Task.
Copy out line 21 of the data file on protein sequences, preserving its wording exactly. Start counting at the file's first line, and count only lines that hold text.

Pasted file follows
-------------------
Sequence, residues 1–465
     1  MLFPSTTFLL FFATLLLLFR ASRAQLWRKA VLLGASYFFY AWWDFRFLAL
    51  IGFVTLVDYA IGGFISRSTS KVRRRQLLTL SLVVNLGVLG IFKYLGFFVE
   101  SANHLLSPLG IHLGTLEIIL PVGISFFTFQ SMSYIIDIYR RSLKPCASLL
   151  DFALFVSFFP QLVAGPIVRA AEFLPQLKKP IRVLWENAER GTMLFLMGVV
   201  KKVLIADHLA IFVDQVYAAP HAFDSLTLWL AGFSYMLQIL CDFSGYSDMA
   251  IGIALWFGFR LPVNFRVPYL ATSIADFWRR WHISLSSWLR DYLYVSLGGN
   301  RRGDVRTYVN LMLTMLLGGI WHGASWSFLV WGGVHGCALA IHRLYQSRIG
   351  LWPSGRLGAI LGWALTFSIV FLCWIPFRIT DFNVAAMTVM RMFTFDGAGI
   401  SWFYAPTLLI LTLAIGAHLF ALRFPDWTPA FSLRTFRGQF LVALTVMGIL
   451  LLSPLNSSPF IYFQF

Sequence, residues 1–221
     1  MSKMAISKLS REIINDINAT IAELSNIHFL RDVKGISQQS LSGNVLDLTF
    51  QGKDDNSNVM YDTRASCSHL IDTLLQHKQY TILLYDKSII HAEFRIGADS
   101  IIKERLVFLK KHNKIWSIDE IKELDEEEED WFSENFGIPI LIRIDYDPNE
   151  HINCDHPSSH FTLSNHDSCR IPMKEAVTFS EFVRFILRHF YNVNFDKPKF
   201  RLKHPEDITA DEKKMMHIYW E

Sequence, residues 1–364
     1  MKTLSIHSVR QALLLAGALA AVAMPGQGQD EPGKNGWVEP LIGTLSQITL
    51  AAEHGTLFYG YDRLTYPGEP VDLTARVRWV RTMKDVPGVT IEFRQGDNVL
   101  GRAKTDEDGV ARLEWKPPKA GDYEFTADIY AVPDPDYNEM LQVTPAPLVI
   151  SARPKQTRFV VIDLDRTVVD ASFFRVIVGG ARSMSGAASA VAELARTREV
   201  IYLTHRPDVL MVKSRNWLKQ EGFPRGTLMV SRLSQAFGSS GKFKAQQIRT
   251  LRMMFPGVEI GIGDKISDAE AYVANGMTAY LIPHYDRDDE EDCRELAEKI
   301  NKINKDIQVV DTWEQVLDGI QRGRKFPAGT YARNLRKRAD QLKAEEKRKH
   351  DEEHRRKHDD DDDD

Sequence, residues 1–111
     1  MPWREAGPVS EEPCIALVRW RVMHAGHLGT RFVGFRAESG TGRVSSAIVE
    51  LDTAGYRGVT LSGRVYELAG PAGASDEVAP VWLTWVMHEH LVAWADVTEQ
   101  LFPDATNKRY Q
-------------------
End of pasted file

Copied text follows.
   101  GRAKTDEDGV ARLEWKPPKA GDYEFTADIY AVPDPDYNEM LQVTPAPLVI